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About the Bloggers

Brad Jenkins

Brad Jenkins, President and CEO of CloudNine Discovery, has over 20 years of experience leading customer focused companies in the litigation support arena. Brad has authored many articles on litigation support issues, and has spoken before national audiences on document management practices and solutions.

Doug Austin

Doug Austin, Professional Services Manager for CloudNine Discovery, has over 20 years experience providing legal technology consulting and technical project management services to numerous commercial and government clients. Doug has also authored several articles on eDiscovery best practices.

Jane Gennarelli

Jane Gennarelli is a principal of Magellan’s Law Corporation and has been assisting litigators in effectively handling discovery materials for over 30 years. She authored the company’s Best Practices in a Box™ content product and assists firms in applying technology to document handling tasks. She is a known expert and often does webinars and presentations for litigation support professionals around the country. Jane can be reached by email at [email protected]

Litigation 101 for eDiscovery Tech Professionals: What gets turned over in Discovery? (Part 2)

December 12, 2012

By Jane Gennarelli

 

** This blog series is intended to introduce new eDiscovery professionals to the litigation process and litigation terminology. Click here, here, here, here, here, here, here and here to go to the first eight posts in the series.**

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In last week’s post we covered what does and does not get turned over in the discovery process.  In some cases, there are documents that are turned over that are subject to special handling rules.  These are documents that are covered by a protective order, and they are typically confidential or business sensitive documents.  Let's describe a typical scenario that illustrates the need for a protective order and the mechanisms by which they protect parties in litigation.

ABC Corp. files a lawsuit against XYZ Inc. claiming that an XYZ product infringes on a patent owned by ABC.  Consider the types of documents that would be relevant in this case: that collection is likely to include documents with very sensitive, trade secret information on formulas, product design, materials, manufacturing, and so on.  The last thing the organizations want is to put these sensitive documents in the hands of another company – especially a competitor.  ABC and XYZ agree to (and the court approves) a protective order that permits legal counsel for the receiving party to review these documents, but not anyone who works for the receiving party.

Typically, a protective order includes directives for:

  1. The scope of the protective order:  what categories of documents/information will be covered?
  2. How the documents will be identified as confidential (for example, they may be marked “Confidential” or “Highly Confidential”)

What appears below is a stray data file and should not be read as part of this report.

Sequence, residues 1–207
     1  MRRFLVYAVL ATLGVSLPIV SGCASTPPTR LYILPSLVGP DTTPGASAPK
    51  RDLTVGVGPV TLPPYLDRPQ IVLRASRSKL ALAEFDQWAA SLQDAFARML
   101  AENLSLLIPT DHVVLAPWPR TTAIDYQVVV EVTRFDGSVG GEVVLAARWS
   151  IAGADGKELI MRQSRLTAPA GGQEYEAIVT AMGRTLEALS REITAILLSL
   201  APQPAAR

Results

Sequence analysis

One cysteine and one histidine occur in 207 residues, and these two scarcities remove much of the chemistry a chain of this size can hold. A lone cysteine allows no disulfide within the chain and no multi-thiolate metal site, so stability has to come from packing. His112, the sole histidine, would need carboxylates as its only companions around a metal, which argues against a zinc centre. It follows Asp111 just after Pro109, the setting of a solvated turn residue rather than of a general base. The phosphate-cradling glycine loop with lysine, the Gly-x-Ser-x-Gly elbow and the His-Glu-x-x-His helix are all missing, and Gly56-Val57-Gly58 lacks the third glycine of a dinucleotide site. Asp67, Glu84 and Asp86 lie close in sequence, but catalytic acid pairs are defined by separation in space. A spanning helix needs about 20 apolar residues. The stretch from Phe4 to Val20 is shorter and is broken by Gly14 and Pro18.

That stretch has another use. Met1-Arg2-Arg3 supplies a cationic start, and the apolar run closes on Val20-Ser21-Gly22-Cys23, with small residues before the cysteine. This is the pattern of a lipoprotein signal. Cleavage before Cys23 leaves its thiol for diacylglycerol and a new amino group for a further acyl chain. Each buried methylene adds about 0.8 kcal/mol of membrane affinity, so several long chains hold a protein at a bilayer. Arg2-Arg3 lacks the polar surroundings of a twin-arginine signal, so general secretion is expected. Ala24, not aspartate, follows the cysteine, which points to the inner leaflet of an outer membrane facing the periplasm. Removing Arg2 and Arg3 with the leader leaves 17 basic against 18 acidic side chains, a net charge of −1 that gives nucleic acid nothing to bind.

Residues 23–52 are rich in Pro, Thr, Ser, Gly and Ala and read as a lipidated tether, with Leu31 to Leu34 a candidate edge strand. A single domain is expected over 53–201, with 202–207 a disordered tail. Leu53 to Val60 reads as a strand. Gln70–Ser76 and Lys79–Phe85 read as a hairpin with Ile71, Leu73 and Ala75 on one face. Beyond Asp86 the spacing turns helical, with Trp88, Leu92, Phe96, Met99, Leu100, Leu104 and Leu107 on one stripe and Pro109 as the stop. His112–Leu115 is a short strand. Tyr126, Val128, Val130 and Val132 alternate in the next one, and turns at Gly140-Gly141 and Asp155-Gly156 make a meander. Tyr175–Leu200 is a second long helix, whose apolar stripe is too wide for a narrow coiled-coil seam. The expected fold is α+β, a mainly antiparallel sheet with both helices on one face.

3. Who can have access to the protected documents.  For example, maybe they can only be viewed by legal counsel.
  4. Restrictions on how the documents will be handled and used.
  5. How deposition testimony and related exhibits that include sensitive information will be handled.

A protective order, therefore, lets the parties produce sensitive information without risking the potential problems of disclosing trade secret information.

There are a couple of other points regarding what gets turned over in discovery of which you should be aware:

  • Redactions:  Some documents are redacted before they are produced – that is, portions of the text are obscured.  This may happen when a responsive document contains some text that is not responsive and sensitive, or text that is privileged.  For example, it’s common to redact non-party patient names in cases involving medical information.
  • Objections:  Objections are not limited to the trial.  A party may object to a discovery request (for example, on the grounds that it isn’t relevant or that it’s privileged), in which case the court makes a ruling.

We’ve still got quite a bit to cover regarding discovery.  In next week’s post, we’ll start discussing document handling steps and how technology professionals can help attorneys with these tasks.  Please let us know if there are specific litigation topics that you’d like to see covered in this blog series.

Disclaimer: The views represented herein are exclusively the views of the author, and do not necessarily represent the views held by CloudNine Discovery. eDiscoveryDaily is made available by CloudNine Discovery solely for educational purposes to provide general information about general eDiscovery principles and not to provide specific legal advice applicable to any particular circumstance. eDiscoveryDaily should not be used as a substitute for competent legal advice from a lawyer you have retained and who has agreed to represent you.
http://www.cloudninediscovery.com/ondemand/free-software-trial.aspx

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